Mohawk Valley Astronomical Society

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Chilled Blues

by Perry Pezzolanella

There are two distant worlds that are favorably placed for observing in the evening during the increasing chill of autumn evenings. Uranus and Neptune climb higher in the evening sky with each passing day as trees change color. Both planets were very close to each other in the sky during the 1990s and could be observed as a duo with hardly a little nudge of the telescope. Now they are far enough apart that several hours are needed for Uranus to clear the horizon after observing Neptune. September and October offer several clear nights to scrutinize them before the cold and stormy winter sets in. Under clear, moonless skies in the dark countryside, it is surprisingly quite easy to find Uranus and Neptune with the help of the finder charts that accompany this article.

Uranus (magnitude +5.6) and Neptune (magnitude +7.8) are dim because they orbit the Sun at 1.8 and 2.7 billion miles, respectively. In the dim depths of the outer Solar System, daytime sunlight is no brighter than a clear evening sky on Earth shortly after sunset. Both planets are about four times larger than Earth, slightly over 30,000 miles in diameter, and have thick atmospheres that are completely cloudy. The small amount of methane (3%) in Neptune’s atmosphere absorbs the red component of sunlight and scatters the blue creating a beautiful blue planet. Uranus does not appear as blue because it has a little less methane (2%) and, unlike Neptune, it has a ruddy haze which shifts its color towards the green giving it a turquoise hue. These colors are dramatic whenever they are near stars of contrasting colors.

Uranus spends 2021 in Aries near the +5.6 magnitude star 37 Arietis making it easier to find as it is almost of equal brightness as Uranus. Neptune is in Aquarius well to the left of the +4.2 magnitude star Phi Aquarii which it was very close to in 2019. Neptune will be at opposition on September 14 while Uranus will be at opposition on November 4. Rising at sunset and setting at sunrise, both worlds will be up all night on these dates. They will remain in the evening sky for the rest of the year and into early 2022 with Neptune fading into the evening twilight by February and Uranus by April.

Given a night of steady seeing, a small telescope should be capable of resolving the discs and revealing the colors of these remote worlds; however, both planets are too far away to observe cloud detail or moons unless the telescope has an aperture of at least 16 inches. Uranus is 3.7 arcseconds across and Neptune is 2.4 arcseconds across. The planets appear distinctly different with Uranus having a rich turquoise hue while Neptune displays a chilly, icy-blue disc.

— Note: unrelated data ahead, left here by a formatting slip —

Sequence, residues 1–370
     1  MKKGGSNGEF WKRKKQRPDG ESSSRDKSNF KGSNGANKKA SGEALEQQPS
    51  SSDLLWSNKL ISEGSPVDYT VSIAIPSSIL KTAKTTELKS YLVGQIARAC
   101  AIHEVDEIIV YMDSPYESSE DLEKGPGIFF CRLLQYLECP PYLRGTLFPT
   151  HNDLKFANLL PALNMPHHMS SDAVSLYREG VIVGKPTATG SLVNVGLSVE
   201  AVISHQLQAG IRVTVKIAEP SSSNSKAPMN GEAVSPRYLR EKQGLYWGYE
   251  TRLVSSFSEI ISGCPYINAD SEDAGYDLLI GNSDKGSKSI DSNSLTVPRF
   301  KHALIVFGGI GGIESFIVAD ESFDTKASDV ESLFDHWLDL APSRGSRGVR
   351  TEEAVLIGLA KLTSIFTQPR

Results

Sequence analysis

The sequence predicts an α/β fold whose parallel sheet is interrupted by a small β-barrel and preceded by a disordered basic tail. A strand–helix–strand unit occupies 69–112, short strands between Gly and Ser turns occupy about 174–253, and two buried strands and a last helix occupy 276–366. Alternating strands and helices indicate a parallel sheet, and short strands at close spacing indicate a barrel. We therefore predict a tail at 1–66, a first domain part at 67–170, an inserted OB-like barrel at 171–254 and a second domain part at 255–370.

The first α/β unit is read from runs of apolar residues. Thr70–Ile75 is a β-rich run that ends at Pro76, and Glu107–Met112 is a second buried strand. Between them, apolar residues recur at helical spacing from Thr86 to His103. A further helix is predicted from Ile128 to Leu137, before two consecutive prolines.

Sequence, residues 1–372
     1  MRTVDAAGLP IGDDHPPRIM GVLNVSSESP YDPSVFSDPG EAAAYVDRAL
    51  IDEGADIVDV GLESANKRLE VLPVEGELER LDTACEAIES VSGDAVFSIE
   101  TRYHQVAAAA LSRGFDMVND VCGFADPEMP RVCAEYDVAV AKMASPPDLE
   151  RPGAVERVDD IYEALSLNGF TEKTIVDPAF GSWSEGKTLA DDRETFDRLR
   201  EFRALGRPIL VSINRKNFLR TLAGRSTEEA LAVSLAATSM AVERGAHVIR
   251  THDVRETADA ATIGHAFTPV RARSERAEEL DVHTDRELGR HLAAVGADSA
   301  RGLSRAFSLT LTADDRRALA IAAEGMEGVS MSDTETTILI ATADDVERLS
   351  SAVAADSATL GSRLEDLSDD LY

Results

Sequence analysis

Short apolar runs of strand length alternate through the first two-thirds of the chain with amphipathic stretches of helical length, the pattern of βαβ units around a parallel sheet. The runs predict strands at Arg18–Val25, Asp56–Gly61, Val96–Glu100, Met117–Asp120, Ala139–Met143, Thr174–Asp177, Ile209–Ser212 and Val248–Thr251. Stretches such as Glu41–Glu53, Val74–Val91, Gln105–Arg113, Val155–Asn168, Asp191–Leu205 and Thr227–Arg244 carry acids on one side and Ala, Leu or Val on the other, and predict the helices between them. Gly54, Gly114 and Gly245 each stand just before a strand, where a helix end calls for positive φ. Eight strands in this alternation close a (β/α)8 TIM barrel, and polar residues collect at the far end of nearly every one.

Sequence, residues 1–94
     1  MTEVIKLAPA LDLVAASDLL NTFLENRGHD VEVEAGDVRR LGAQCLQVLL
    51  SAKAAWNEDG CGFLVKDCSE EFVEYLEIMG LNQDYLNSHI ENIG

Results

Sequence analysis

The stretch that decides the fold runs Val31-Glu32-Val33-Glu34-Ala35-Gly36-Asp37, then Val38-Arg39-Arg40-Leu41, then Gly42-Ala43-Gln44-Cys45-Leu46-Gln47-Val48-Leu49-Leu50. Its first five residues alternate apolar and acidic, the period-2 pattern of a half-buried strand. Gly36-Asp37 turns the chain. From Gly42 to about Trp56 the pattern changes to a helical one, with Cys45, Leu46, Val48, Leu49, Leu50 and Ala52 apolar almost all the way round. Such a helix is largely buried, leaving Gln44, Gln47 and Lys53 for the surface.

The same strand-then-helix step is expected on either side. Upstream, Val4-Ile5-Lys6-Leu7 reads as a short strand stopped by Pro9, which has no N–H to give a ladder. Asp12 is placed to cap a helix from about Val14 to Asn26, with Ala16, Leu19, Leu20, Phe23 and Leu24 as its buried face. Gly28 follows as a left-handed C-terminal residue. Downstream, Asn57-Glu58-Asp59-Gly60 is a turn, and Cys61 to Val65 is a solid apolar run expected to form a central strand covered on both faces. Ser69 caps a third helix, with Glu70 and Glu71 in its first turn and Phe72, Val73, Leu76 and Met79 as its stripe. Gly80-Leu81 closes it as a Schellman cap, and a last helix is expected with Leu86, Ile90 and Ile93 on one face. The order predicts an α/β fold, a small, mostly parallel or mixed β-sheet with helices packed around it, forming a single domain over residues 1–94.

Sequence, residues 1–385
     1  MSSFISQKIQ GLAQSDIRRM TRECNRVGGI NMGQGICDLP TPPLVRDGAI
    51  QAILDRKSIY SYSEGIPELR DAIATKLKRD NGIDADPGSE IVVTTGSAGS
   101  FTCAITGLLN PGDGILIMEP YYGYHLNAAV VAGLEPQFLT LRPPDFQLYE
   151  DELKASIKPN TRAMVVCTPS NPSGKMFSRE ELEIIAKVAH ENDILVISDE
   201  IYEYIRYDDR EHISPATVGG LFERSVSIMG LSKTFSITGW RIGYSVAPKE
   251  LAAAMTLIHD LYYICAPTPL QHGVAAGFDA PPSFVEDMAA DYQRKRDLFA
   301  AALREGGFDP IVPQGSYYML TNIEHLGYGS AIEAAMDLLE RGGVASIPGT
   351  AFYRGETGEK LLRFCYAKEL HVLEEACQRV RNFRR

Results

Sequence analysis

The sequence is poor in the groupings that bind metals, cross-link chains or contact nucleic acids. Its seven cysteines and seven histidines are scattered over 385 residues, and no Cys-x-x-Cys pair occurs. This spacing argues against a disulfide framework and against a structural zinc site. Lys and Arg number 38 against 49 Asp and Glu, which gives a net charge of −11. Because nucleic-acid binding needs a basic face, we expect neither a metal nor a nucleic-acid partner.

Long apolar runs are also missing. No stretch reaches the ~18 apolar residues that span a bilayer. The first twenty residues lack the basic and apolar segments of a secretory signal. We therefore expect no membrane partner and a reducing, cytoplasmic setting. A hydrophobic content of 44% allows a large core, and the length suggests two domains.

The Barton-Brown Observatory (BBO) at the Waterville Public Library houses a research grade, 16-inch Schmidt-Cassegrain telescope. With its superior optics in the relatively dark skies south of Utica’s bright city lights, it consistently reveals Uranus as a true turquoise globe and, during nights of perfect seeing, two of the five largest moons, Oberon and Titania, are visible. The other three moons of Uranus: Umbriel, Ariel, and Miranda, are dimmer and have yet to be seen; all five moons shine at magnitude +14 to +15. Neptune is a chilly-bluish, tiny globe with Triton shining nearby most of the time, but quite dim at magnitude +13.5.

Using a telescope of at least 16” such as the one at the BBO may increase the chances of seeing faint detail on Uranus and even Neptune. Both planets have displayed great storms appearing as large white spots that grow and then shrink and disappear with Neptune being the more active of the two. Modern technology is making it possible for amateurs to capture images of these storms on both planets once reserved for the pros with giant telescopes. With the highest magnification that seeing will allow, there is a reasonably decent chance of photographing cloud detail. Observing these bluish worlds add to the chilly feel of the crisp autumn nights and are worth the warm satisfaction in locating them.